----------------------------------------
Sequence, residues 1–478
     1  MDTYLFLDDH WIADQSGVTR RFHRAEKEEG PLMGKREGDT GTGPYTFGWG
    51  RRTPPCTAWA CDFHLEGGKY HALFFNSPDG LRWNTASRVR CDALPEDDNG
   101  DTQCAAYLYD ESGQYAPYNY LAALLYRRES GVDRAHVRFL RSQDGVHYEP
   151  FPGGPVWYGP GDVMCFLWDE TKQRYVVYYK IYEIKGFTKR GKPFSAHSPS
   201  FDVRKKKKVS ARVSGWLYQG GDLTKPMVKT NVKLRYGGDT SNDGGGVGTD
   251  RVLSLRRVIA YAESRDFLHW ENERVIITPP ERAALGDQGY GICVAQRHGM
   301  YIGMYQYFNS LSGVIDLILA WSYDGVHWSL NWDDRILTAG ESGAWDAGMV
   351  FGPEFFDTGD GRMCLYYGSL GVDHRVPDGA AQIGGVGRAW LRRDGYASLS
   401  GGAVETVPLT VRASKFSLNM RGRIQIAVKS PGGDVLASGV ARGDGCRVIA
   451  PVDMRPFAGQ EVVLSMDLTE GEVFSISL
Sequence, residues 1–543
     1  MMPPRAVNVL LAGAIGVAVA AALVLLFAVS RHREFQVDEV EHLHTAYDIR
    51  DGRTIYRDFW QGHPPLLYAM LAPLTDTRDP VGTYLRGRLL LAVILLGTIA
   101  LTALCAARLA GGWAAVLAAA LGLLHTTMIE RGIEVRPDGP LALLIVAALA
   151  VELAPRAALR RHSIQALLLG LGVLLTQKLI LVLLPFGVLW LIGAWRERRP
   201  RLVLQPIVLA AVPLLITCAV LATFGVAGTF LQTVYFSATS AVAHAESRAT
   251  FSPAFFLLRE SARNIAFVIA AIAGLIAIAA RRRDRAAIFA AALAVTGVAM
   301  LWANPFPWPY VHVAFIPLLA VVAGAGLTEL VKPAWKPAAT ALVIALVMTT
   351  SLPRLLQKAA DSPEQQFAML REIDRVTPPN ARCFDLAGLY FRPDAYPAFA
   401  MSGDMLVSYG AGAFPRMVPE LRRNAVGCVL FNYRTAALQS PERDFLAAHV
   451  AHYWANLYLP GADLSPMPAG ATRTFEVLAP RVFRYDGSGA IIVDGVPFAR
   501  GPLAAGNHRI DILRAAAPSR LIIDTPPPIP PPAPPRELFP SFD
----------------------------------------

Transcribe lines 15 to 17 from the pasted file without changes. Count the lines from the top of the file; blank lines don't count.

   101  LTALCAARLA GGWAAVLAAA LGLLHTTMIE RGIEVRPDGP LALLIVAALA
   151  VELAPRAALR RHSIQALLLG LGVLLTQKLI LVLLPFGVLW LIGAWRERRP
   201  RLVLQPIVLA AVPLLITCAV LATFGVAGTF LQTVYFSATS AVAHAESRAT